Private Collection, Italy (acquired by 1971)
Acquired by the present owner circa 1980
Brussels, La Sirène, Œuvres récentes de René Magritte, 1953, no. 2
La Louvière, Maison des Loisirs, René Magritte exposé, 1954, no. 24
Brussels, Palais des Beaux-Arts, René Magritte, 1954, no. 87
Charleroi, Salle de la Bourse, XXXe salon [du] Cercle Royal Artistique et Littéraire de Charleroi - Rétrospective René Magritte, 1956, no. 102
Brussels, Musée d’Ixelles, Magritte, 1959, no. 82
Mons, Musée des Beaux-Arts, Hainaut cinq, 1964, no. 14
Rotterdam, Museum Boijmans Van Beuningen, René Magritte: het mysterie van de werkelijkhrid/ le mystère de la réalité, 1967, no. 70, illustrated in the catalogue
Stockholm, Moderna Museet, René Magritte, 1967, no. 64, illustrated in the catalogue
Turin, Galleria Gissi, 12 Maestri del Surrealismo, 1971
Letter from Alexander Iolas to Magritte, 23rd June 1952
Letter from Magritte to Alexander Iolas, 9th July 1952
Letter from Magritte to Marcel Mariën, 27th July 1952, in Magritte Destination, no. 258
Letter from Magritte to Alexander Iolas, 30th July 1952
Letter from Magritte to Alexander Iolas, 8th January 1953
David Sylvester (ed.), Sarah Whitfield & Michael Raeburn, René Magritte, Catalogue Raisonné, London, 1993, vol. III, no. 783, illustrated p. 202
The moment of realisation occurred following a dream that Magritte described during a lecture delivered in Antwerp in 1938, ‘One night in 1936, I woke up in a room where there happened to be a bird sleeping in a cage. A splendid misapprehension made me see the cage with the bird gone and replaced by an egg. I had grasped a new and astonishing poetic secret, because the shock I experienced was caused precisely by the affinity between the two objects' (the artist quoted in D. Sylvester (ed.) et al., op. cit., vol. II, p. 16). Magritte dates this dream to 1936, perhaps reflecting the vividness of his memory, but in fact he had first experimented with this precise imagery in his 1933 painting Les affinités électives (D. Sylvester, no. 349). Shortly after that he began experimenting with other objects that he felt to have specific connections, and with creating the kind of metamorphosis of objects that we see in the present work. This new area of enquiry would remain an important aspect of his œuvre and the present work, which was painted over twenty years later, represents one of his most impressive explorations of this approach. Indeed, Paul Nougé, surrealist poet and close friend of Magritte, suggested calling the first work on this theme Discours de la méthode, after Descartes, presumably referring to the way the natural connection between the bottle and the carrot exemplifies this theory.
This – almost voluptuous – physical congruence of bottle and carrot is emphasised by Magritte’s decision to place the original objects beside his new creation. The sensual connotations of the bottle find a parallel elsewhere in Magritte’s œuvre. In the early 1940s Magritte began a series of works painted directly onto glass bottles. Although they encompassed a range of familiar motifs, the majority of the bottles were painted with the figure of a nude woman (fig. 4). The shapely suggestiveness of the bottle reflected already in the anthropomorphic nomenclature that gives a bottle a neck and shoulders made it the perfect vessel for the metamorphosis that was a central part of Magritte’s iconography.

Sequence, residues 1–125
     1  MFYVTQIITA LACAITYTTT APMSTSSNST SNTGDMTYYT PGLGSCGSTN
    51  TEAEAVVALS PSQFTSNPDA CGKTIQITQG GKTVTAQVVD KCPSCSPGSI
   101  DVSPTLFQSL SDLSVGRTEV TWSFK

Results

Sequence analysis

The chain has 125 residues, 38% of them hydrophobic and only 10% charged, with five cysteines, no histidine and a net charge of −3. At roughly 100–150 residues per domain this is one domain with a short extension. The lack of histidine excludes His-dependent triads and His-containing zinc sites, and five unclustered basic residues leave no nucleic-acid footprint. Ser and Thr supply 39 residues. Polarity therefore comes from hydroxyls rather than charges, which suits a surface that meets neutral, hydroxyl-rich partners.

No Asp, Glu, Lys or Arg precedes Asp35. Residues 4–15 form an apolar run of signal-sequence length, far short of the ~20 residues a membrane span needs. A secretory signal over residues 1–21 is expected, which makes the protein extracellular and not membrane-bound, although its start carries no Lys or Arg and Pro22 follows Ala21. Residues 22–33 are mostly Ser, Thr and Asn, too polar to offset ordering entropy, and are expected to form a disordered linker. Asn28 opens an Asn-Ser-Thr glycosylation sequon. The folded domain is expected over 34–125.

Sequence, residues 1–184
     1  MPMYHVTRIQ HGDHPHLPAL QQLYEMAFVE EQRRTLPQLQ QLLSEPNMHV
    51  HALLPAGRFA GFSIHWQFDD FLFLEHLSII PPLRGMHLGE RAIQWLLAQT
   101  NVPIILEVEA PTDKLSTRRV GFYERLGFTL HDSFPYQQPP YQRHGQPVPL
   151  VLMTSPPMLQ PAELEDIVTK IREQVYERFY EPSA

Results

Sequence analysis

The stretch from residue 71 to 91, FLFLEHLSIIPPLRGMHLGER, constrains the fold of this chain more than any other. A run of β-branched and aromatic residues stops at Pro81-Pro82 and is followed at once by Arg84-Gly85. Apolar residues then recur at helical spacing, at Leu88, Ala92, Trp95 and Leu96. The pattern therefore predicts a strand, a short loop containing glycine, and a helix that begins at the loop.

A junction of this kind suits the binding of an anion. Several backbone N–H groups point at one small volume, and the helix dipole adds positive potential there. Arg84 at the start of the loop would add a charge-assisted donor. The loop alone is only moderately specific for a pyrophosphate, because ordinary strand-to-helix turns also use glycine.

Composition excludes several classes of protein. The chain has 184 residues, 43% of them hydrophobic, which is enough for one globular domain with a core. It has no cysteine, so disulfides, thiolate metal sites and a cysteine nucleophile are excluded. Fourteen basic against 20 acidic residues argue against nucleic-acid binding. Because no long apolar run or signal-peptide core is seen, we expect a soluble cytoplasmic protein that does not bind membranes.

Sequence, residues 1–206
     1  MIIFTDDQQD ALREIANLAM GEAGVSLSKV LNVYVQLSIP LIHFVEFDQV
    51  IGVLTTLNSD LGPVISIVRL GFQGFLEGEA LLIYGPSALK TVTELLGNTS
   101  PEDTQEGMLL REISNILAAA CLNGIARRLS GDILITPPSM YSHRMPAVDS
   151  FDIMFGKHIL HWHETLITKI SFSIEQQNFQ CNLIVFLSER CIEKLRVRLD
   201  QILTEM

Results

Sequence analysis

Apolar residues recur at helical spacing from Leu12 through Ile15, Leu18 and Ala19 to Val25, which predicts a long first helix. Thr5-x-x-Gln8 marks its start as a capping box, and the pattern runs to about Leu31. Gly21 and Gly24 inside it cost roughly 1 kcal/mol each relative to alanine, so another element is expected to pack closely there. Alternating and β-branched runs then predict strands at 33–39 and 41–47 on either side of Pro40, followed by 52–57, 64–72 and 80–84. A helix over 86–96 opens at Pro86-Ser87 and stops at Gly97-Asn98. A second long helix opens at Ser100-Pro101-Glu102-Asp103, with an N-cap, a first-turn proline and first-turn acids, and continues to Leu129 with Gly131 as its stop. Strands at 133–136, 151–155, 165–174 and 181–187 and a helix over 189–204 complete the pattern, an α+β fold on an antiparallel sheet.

The present work is the largest of four variations of this subject (fig. 5), and the only one in which Magritte depicts the objects against a wider background. The stage on which the carrot and bottle are set is framed by a window that is placed slightly off-centre, and is a variation on the parapets and curtained vistas that were a recurring motif in Magritte’s work. Jacques Meuris discussed Magritte’s use of curtains in his compositions, writing: ‘One way of looking at them is as a technical device. They are usually shown with loops, giving them the appearance of open stage drapes, and they enable the artist, through a process of optical illusion, to locate the planes of his image within the pictorial space. Another way of looking at these drapes is as a way of suggesting the fallacious (misleading) nature of the painted picture in relation to what it actually represents. Hence the idea of the stage set, to which the drapes lend emphasis’ (J. Meuris, Magritte, London, 1988, p. 169).
In the present work the curtains are replaced by shutters and Magritte heightens the effect by placing the objects in the foreground supported by a table, which in this case acts as a parapet. This arrangement was one of central importance in Magritte's œuvre; the shutters initially appear in his celebrated reworking of Manet's Le balcon (figs. 2 & 3) and Magritte evidently felt it to be a successful motif as it recurs in some of the most important works from this period. A letter from Magritte to Marcel Mariën of 27th July 1952 suggests that the window originally looked out onto a landscape inspired by the river Thames in London, but he evidently changed his mind, making a conscious decision to overpaint it with the metal curtain and grelots that we now see. This combination first appeared in Magritte’s work in the 1920s and was among the backdrops that Magritte often used as a means of disconcerting his viewers (fig. 1); however, whereas the forests or skies suggest an implied infinite, the metal wall acts as an impenetrable shutter beyond which nothing can penetrate. In deciding to overpaint the original landscape in this way, Magritte creates another layer of optical illusion within the composition whilst simultaneously constructing a device that emphasises the objects at the heart of the painting.
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